That should be enough to illustrate my love, but I’ll discuss the song a tad. It’s just so rampant, hectic and unforgiving. As mentioned, the way it flies in straight after ‘B’ham’ is immense, and it simply doesn’t let up. Mark dictates proceedings with reverberating, all-encompassing commands, the highlight of his lyricisms being “This is the spring without end / This is the summer of malcontent / This is the winter of your mind“. Glorious.
The Knight, The Devil and Death (1992)
More of an elegant soundscape, this is a true display of the musical and textural depth The Fall could reach. Scanlon takes centre-stage in this – his guitar is triumphantly distorted and messy amongst the calm that surrounds, while his understated chords during the verse are an excellent feature that allow the fruition of the wider instrumentation to truly take hold. This is an absolute belter, and so unlike anything else released in any era of the group.
Paranoia Man In Cheap Shit Room (1993)
A darker and more sinister realisation of the sounds achieved on The Infotainment Scan. The demented rambles of Mark are utterly befitting of the song’s atmosphere, and a particularly apt accompaniment to the fuzzy riff provided by Scanlon. The song develops into a borderline-club vibe with Smith’s “Go down to the dance” segment, with Dave Bush utilising the opportunity to work in some intricate electronic bleep-bloops wherever he sees fit (I really love them, though the tone may not suggest it). A real highlight of the album.
The Reckoning (1994)
My second most listened to track of all time (last stat, I promise). To get to the point, this is one of the more beautiful moments in The Fall’s output. There is genuine anger and tenderness in Mark’s voice and so many wonderful lines scattered throughout, while the accompaniment is gently restrained without losing the urgency that characterises their sound. The best moment comes at around 2:!5, when a fuzzy distortion is introduced to Scanlon’s guitar and lifts the melancholic nature of the track even further. This song doesn’t get the credit it deserves, though I imagine many Fall fans are less partial to soppier sounds than other musos out there.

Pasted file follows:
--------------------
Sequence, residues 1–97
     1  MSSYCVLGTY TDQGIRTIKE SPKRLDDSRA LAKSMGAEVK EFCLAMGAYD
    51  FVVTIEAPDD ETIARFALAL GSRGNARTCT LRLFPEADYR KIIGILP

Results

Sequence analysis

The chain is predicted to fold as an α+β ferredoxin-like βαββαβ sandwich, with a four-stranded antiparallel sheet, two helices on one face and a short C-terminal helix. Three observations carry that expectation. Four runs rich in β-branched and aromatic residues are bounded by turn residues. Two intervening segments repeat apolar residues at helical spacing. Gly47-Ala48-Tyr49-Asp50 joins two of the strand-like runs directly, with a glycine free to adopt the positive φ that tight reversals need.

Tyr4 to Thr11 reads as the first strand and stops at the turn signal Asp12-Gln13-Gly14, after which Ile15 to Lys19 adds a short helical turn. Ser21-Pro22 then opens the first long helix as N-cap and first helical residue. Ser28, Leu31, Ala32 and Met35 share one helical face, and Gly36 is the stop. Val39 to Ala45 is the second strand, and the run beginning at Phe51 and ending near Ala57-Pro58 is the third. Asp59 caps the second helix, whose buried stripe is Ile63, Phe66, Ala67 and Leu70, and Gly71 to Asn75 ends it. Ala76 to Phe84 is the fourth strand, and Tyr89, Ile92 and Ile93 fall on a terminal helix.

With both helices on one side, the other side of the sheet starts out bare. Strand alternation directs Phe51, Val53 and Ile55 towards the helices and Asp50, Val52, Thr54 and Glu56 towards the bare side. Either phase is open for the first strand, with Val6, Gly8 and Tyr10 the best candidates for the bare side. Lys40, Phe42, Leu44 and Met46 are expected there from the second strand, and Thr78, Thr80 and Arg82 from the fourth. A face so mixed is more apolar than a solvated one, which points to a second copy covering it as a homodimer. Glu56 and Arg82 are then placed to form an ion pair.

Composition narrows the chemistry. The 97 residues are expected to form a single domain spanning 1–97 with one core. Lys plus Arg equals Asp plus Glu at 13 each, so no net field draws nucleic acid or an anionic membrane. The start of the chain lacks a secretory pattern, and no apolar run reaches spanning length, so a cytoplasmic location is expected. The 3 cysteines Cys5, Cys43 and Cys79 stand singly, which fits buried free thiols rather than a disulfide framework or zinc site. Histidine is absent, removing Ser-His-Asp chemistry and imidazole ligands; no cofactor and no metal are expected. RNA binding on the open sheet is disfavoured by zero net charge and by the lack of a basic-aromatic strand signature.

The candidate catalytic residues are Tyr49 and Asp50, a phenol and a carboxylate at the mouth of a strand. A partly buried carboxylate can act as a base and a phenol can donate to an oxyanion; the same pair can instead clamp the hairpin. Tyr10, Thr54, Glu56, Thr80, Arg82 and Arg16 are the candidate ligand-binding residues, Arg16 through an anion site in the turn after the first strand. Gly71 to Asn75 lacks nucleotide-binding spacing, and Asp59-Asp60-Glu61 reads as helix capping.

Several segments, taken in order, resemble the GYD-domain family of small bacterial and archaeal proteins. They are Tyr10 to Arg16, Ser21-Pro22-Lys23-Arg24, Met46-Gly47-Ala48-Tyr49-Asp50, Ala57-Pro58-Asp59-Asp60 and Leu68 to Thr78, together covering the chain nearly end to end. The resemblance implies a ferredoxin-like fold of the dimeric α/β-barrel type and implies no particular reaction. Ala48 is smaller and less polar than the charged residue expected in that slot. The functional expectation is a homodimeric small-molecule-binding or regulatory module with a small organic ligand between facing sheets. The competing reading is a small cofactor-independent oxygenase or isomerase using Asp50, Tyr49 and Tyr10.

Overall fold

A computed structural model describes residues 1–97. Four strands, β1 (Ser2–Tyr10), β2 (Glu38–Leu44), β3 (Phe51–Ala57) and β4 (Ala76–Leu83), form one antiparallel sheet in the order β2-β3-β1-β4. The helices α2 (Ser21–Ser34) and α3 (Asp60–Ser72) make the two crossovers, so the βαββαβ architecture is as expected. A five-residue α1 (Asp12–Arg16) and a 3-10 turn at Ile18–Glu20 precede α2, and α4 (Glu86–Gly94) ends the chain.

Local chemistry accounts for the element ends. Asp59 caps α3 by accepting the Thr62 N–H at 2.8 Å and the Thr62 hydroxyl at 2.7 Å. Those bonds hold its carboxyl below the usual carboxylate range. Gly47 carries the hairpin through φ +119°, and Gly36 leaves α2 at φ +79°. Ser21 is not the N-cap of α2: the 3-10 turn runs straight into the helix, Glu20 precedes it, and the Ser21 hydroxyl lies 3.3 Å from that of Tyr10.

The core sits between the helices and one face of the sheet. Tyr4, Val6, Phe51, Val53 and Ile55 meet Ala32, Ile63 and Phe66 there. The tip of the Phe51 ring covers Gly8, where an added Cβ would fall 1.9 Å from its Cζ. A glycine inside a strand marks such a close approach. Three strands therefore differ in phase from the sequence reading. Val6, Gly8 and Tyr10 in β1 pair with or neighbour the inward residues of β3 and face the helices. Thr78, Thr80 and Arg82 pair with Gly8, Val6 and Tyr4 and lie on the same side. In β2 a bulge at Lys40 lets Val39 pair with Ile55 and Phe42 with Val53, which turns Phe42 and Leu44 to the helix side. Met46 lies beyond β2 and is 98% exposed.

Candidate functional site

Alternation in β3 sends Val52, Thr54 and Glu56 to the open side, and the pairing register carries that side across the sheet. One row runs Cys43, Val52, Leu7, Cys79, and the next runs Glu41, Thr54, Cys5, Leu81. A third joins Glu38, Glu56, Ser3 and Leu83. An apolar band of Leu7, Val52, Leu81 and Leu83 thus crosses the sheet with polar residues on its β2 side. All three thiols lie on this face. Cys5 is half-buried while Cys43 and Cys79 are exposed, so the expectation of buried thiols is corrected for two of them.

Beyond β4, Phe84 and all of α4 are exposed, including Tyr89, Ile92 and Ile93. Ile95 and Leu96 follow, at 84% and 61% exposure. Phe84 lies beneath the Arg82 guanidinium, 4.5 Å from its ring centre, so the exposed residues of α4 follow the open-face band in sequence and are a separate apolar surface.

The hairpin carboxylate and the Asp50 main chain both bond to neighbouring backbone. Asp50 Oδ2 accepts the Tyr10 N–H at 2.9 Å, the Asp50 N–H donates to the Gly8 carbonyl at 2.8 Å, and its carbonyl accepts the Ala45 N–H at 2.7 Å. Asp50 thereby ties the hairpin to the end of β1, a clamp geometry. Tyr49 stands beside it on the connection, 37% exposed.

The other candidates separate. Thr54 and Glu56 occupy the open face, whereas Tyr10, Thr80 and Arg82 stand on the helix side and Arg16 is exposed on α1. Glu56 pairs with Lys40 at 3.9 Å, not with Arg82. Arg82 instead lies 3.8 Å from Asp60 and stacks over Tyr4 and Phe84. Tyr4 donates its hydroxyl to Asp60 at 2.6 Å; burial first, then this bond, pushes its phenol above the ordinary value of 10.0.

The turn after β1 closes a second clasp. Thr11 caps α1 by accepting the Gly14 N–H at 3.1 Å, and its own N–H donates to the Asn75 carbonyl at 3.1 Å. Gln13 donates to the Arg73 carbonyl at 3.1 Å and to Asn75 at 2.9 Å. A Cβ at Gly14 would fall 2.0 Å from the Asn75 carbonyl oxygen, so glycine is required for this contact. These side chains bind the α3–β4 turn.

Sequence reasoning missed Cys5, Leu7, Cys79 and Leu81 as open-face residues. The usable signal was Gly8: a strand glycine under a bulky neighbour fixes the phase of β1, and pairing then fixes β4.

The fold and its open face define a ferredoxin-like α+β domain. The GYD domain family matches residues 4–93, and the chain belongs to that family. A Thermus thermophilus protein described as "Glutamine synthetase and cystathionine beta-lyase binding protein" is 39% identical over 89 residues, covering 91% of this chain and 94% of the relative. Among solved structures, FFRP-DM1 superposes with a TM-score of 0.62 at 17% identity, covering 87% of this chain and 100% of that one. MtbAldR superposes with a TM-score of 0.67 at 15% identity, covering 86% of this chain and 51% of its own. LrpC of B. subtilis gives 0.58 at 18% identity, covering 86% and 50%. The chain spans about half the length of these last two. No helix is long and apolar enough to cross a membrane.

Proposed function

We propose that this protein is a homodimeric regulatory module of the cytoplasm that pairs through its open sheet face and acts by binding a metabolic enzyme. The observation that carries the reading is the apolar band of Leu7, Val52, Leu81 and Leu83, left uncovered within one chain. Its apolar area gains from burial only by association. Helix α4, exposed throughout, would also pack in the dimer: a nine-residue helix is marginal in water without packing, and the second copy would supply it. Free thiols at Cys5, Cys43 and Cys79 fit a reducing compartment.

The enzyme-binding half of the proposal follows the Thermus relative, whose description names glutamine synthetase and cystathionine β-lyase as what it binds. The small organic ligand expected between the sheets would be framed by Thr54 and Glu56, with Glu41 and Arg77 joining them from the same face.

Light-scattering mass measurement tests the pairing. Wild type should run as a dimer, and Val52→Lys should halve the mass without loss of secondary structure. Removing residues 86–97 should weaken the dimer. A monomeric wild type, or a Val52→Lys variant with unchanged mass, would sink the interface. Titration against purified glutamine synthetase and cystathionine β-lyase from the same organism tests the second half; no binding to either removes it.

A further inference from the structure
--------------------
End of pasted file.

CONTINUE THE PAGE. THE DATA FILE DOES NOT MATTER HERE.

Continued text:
M5 #1 (1994)
A cacophonous throwing together of electronics and post-punk that results in something so independent and unique. In many ways it calls back to the jarring sounds of early 80s Fall – the electronic sounds are discordantly invasive and exuberant, while the repetitive nature of the track adds another layer of (good) inaccessibility.
This track excels in its underproduced sparsity. Every aspect of the instrumentation seems so distant, but this allows a real hearing of each part. One side of the room holds the underpinning riff, while the other holds the jagged, muted chords. In one corner is Wolstencroft slamming the drums, and in the other is Mark, who seems not particularly bothered about his lack of lyrics to accommodate the track. Hanley seems to join them all about a minute or so late, but this subtle development and introduction of his sharp bassline is such an excellent feature of ‘Rainmaster’. This is a gem on an album which is easily dismissed by many.
Life Just Bounces (1995)
This song is the personification of exuberance. It’s got so much more going for it than it’s more stagnant original release. The lyrics are sung passionately and shamelessly, the pace is immense, and there is a genuine happiness exuding from this number. I nearly went for ‘wholesome’ in describing this, but perhaps that’s a slight stretch considering who we’re talking about here. Still, this is an absolute favourite and another track that is tarnished by its featuring on an album as marginalised as Cerebral Caustic.
There are so many in this edition. So, so many.
Extricate: Sing! Harpy, Bill is Dead, Telephone Thing, Hilary, Chicago Now, Littlest Rebel, And Therein…
Shift Work: So What About It?, Edinburgh Man, Book of Lies, War Against Intelligence, You Haven’t Found It Yet, The Mixer, Rose.
Code: Selfish: Return, Time Enough At Last, Everything Hurtz, Just Waiting.
Infotainment Scan: Ladybird, Lost In Music, Glam Racket, I’m Going To Spain, It’s A Curse, Service, Past Gone Mad.
Middle Class Revolt: Behind The Counter, Surmount All Obstacles, Middle Class Revolt, You’re Not Up To Much, Hey! Student, City Dweller.
Cerebral Caustic: The Joke, Don’t Call Me Darling, Pearl City, I’m Not Satisfied, The Aphid, One Day, North West Fashion Show.
The 27 Points: Return, Bill Is Dead (narrowly missed out on the 12),
Non-album: White Lightning, Blood Outta Stone, Don’t Take The Pizza, Arid Al’s Dream, Kimble (narrowly missed out on the 12), Noel’s Chemical Effluence, Why Are People Grudgeful?